From the standpoint of a manual press operator, I would prioritize the performance parameters as follows:

1. printability
2. opacity
3. bleed resistance
4. good after-flash
5. hand
6. gloss
7. good aging characteristics

The top three in this list are all actually tied for first place in my book. Also, in case you were wondering, "aging characteristics" refers to an ink's ability to maintain its printability over time and not increase in viscosity too rapidly. Although this may sound trivial, you don't want to wind up with a half a gallon (or a half a drum for larger printers) of a product that has become too thick to print. Some whites perform better than others in this aspect, so you again need to test the various products for yourself.

Nylon white Nylon whites are an animal of a different color (no pun intended), as they are manufactured for a much tighter set of specialty performance parameters. Nylon inks are primarily used by shops that service the sports-uniform market. Fabrics here include nylon micro-mesh and high-elongation fabrics, such as Lycra. The composition and construction of these materials may vary from manufacturer to manufacturer, so it is important that you test your inks on these products and research the materials thoroughly. The performance of these whites can vary widely based on the manufacturer and the actual intended application. The primary performance parameters you are looking for in a good nylon plastisol include opacity, printability, and durability.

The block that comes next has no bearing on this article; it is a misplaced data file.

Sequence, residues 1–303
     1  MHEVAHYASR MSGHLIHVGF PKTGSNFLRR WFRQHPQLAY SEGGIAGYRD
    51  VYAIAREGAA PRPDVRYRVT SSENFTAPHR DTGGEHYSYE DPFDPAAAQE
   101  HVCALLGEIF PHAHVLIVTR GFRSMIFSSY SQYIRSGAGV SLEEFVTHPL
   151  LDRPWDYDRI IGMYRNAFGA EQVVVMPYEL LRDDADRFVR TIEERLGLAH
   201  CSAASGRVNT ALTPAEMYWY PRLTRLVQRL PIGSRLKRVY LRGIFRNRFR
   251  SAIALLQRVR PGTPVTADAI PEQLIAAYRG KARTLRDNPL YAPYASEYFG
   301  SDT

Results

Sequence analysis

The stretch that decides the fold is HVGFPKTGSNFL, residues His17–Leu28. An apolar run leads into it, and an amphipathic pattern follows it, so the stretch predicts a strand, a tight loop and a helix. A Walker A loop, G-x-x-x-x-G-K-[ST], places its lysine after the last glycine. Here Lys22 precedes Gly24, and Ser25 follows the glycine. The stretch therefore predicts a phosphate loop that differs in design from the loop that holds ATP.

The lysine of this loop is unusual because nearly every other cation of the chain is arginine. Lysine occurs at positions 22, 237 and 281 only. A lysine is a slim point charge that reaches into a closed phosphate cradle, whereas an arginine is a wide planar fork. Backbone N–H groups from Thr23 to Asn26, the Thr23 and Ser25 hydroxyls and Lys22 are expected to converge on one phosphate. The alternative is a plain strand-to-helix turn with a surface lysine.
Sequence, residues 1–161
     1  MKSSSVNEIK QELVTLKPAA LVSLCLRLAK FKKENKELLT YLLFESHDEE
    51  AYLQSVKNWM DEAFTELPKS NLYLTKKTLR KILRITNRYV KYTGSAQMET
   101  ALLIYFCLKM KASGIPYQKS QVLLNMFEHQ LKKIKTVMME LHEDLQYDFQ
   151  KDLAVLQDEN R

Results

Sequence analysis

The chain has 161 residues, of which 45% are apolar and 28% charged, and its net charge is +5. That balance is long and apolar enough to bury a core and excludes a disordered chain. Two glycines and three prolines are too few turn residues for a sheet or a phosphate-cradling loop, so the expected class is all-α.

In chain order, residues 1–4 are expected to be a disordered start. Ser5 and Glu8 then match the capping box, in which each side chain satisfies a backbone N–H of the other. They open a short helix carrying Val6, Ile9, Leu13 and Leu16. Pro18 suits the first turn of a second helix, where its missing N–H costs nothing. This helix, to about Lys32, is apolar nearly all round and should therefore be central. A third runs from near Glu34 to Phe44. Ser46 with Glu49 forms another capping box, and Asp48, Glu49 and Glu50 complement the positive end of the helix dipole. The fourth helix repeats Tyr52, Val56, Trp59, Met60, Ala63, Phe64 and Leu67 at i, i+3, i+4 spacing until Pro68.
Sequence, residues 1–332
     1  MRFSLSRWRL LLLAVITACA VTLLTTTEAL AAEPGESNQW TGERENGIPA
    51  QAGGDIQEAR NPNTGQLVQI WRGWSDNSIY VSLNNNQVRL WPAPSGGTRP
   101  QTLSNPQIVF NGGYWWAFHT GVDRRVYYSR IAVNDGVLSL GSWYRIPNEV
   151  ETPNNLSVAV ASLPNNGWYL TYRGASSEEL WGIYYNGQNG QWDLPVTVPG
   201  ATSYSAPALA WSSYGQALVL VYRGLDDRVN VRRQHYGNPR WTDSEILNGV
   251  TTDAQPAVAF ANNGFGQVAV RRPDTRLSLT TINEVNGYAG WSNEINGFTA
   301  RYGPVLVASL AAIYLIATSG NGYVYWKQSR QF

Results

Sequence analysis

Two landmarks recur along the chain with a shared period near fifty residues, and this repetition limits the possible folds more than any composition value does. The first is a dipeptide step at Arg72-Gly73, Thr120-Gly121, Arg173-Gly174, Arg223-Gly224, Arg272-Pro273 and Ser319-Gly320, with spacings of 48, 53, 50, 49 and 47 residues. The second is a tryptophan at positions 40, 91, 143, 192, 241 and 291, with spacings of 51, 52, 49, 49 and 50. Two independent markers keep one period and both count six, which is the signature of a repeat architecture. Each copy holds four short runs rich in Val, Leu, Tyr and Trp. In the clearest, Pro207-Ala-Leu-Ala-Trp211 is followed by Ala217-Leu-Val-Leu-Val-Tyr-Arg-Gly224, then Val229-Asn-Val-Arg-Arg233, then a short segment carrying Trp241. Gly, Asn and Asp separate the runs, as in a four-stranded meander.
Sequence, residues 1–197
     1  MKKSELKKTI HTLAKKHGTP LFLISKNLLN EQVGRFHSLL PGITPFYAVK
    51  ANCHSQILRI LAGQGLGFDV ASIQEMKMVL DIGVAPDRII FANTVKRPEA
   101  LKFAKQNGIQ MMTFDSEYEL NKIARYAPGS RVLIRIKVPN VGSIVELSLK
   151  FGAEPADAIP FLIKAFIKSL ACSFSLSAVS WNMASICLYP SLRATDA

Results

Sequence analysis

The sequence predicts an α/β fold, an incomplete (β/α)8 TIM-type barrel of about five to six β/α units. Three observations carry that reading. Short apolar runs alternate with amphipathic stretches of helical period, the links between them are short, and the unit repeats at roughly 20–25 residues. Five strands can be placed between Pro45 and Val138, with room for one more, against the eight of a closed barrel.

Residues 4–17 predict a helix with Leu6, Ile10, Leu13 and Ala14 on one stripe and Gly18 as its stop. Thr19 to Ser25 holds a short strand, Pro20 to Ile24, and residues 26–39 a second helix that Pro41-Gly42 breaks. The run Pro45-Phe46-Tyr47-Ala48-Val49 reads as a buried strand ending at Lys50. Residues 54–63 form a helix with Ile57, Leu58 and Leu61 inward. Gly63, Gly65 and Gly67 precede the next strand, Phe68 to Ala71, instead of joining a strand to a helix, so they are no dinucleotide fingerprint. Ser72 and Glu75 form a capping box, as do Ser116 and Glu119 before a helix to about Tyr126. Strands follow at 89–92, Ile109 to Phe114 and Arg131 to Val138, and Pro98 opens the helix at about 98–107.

Polyester whites Polyester whites can pose the greatest challenge of all. This holds especially true for the folks who use manual presses. Polyester whites are specially formulated to deliver the maximum amount of bleed resistance when printed onto the most troublesome polyester fabrics. Not all of the inks available are printer friendly, as their performance parameters are targeted toward compatibility with the fabric and not toward easy printing. The printability of polyester whites can vary greatly from manufacturer to manufacturer, so you'll need to test various brands to determine which you prefer.

When it comes to working with polyester whites, it's essential for the novice to get the opinions of other printers to find what has worked best for them. It's also very important to keep on top of the new inks being introduced to the market and sample them as they are released.

The primary concern for the manual-press operator is to have a product that is easy to use, meaning it doesn't require special handling or greatly modified printing procedures. But that's where the challenge comes in. You need to experiment with the inks, fabrics, and the variables on press. You also must conduct your own bleed testing to confirm that the product is truly bleed resistant on the fabrics you're printing.

The sad truth is that not all fabrics are intended to be screen printed. Consult the manufacturer of the fabric for printing recommendations. I've contacted manufacturers about their tough fabrics and have been told not to print the fabrics at all! That's about the last thing your customer wants to hear, but it's best to share that information before committing to the job. Should you encounter such a fabric, it really is best to pass on the job